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Security Researchers Uncover 700+ Malicious Open-Source Packages in npm and PyPI

Beware of malicious open-source packages!

npm and PyPI are two of the most popular software repositories out there that many developers and organizations around the world use.

These act as a central space for getting essential packages and come in very handy during the development cycle of software.

But, as we all know. Significant services such as these attract a lot of unwanted attention from malicious actors.

A recent research report by Sonatype has brought forward some very concerning things happening in these popular software repositories.

Allow me to explain the situation to you.

What were the findings?: Last month, when the security researchers at Sonatype ran their AI-enabled tooling, they caught 691 malicious packages in the npm registry and 49 in the PyPI registry.

In the case of npm, two packages caught the researchers' attention, 'no-one-left-behind' by author Zalastax, and over 33,000 packages with the 'nolb-' prefix by the author 'infinitebrahamanuniverse'.

The first one is a package that depends on all the publicly available npm packages, and the second one claims that all of its packages are part of the first one (no-one-left-behind).

You see how this can cause a headache.

Say someone wants to take their package off the repository; well, they cannot, as packages in the npm public registry cannot be unpublished if there are packages that depend on it.

So, now your package is stuck in limbo due to some obscure package preventing you from unpublishing.

That is not all; the security researchers also found that the npm registry has seen a notable uptick in cryptocurrency miners, with many of these impersonating well-known legitimate packages.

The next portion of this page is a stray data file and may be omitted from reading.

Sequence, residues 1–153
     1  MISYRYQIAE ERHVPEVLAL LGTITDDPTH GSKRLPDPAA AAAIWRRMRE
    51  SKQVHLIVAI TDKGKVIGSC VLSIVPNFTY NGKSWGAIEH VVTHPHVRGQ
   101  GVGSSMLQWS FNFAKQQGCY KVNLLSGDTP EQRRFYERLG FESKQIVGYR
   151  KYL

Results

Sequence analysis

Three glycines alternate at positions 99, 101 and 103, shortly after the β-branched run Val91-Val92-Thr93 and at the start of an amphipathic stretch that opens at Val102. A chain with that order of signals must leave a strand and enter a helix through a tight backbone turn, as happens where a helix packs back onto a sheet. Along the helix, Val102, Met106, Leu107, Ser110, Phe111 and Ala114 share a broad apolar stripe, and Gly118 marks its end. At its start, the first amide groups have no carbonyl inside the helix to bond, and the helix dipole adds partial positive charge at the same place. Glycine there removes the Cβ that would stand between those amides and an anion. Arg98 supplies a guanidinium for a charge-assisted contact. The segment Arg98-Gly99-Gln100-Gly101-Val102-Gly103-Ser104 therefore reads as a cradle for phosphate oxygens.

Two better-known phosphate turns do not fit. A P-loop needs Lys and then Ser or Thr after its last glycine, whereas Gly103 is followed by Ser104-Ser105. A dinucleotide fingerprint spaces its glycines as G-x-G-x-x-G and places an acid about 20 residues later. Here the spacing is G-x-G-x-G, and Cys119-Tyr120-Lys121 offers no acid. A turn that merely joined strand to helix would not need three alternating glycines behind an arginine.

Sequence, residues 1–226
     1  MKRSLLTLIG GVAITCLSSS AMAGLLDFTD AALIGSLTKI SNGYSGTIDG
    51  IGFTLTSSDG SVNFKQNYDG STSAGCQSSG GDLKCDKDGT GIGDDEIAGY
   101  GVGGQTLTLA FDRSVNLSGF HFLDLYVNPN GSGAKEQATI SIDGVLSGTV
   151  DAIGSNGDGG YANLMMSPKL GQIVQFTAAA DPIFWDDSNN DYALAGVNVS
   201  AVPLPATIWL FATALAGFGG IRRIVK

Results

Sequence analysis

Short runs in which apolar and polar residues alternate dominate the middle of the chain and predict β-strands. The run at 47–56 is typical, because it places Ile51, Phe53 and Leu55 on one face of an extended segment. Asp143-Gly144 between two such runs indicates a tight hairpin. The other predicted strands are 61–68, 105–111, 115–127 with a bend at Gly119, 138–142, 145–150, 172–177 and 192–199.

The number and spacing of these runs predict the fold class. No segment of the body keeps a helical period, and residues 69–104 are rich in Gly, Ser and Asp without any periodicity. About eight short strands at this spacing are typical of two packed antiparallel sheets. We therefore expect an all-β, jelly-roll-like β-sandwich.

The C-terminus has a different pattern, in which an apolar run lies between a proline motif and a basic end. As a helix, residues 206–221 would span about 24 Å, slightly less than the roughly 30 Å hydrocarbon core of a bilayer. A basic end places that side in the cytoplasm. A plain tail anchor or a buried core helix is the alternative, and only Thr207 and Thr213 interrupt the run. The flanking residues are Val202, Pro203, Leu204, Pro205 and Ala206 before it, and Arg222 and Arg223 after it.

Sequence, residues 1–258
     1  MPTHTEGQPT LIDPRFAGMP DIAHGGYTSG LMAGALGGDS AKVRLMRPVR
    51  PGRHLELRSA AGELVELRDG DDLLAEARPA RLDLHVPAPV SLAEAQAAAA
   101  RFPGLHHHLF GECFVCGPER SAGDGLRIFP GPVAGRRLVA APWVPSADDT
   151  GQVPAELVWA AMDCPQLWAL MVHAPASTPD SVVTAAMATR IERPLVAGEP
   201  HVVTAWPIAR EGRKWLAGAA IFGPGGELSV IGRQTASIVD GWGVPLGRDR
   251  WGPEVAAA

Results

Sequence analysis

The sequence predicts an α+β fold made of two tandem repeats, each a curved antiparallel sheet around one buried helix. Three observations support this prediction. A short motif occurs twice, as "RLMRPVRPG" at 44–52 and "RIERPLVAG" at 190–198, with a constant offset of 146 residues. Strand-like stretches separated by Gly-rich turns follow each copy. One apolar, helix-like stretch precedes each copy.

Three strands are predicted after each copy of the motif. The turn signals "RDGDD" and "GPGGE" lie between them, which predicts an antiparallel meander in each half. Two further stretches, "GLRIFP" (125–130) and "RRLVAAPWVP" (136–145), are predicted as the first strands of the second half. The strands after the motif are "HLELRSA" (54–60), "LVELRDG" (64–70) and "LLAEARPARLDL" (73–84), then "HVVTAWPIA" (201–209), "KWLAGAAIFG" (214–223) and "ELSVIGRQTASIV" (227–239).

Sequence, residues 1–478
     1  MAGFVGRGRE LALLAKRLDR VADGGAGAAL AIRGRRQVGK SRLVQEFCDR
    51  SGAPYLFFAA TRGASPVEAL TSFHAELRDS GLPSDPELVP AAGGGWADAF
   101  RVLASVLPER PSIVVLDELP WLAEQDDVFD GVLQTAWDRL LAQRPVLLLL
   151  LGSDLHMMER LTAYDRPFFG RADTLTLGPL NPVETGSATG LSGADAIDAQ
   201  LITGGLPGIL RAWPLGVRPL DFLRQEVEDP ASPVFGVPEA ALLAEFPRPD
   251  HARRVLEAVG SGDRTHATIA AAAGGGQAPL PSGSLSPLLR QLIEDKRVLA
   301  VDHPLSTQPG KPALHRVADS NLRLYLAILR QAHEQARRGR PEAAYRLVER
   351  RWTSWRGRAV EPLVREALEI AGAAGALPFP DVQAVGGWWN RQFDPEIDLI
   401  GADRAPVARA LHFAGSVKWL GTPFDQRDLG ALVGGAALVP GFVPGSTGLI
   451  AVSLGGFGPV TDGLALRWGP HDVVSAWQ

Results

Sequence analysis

Whereas, in the case of PyPI, the same author (sexydev1337) has published packages that contain heavily obfuscated code (using Hyperion).

The researchers found that the code can execute scripts to download and run malicious binaries from external servers and even replace executables.

Furthermore, they also noticed that many malicious actors had devised ways to curtail scrutiny done via virtual machines.

For a detailed look into this, you can go through the research report published by Sonatype.

How is this being handled?

Luckily, the npm security team removed 'no-one-left-behind' from the repository, and it is now a placeholder with a security risk warning to prevent dependency issues.

But the 'infinitebrahamanuniverse' package is still alive and kicking as they monitor it closely.

Other than that, let us hope we do not find malicious packages regularly from pnp and Pypi.

The suggestion remains - stick to packages you can verify and avoid abandoned or known malicious apps.

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